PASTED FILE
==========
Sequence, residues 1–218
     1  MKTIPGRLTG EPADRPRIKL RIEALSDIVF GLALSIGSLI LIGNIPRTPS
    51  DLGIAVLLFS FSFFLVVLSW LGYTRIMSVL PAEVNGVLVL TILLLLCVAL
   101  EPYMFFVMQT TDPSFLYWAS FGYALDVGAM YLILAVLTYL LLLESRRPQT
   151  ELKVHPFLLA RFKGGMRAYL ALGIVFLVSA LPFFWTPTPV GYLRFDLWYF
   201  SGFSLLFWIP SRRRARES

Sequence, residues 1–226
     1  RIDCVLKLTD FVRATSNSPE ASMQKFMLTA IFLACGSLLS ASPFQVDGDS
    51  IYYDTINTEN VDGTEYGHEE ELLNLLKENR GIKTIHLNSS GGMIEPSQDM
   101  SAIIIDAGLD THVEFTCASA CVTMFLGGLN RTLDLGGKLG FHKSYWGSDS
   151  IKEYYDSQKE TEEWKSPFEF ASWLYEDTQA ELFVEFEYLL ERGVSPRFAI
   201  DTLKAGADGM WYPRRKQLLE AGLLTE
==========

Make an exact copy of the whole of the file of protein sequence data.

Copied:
Sequence, residues 1–218
     1  MKTIPGRLTG EPADRPRIKL RIEALSDIVF GLALSIGSLI LIGNIPRTPS
    51  DLGIAVLLFS FSFFLVVLSW LGYTRIMSVL PAEVNGVLVL TILLLLCVAL
   101  EPYMFFVMQT TDPSFLYWAS FGYALDVGAM YLILAVLTYL LLLESRRPQT
   151  ELKVHPFLLA RFKGGMRAYL ALGIVFLVSA LPFFWTPTPV GYLRFDLWYF
   201  SGFSLLFWIP SRRRARES

Sequence, residues 1–226
     1  RIDCVLKLTD FVRATSNSPE ASMQKFMLTA IFLACGSLLS ASPFQVDGDS
    51  IYYDTINTEN VDGTEYGHEE ELLNLLKENR GIKTIHLNSS GGMIEPSQDM
   101  SAIIIDAGLD THVEFTCASA CVTMFLGGLN RTLDLGGKLG FHKSYWGSDS
   151  IKEYYDSQKE TEEWKSPFEF ASWLYEDTQA ELFVEFEYLL ERGVSPRFAI
   201  DTLKAGADGM WYPRRKQLLE AGLLTE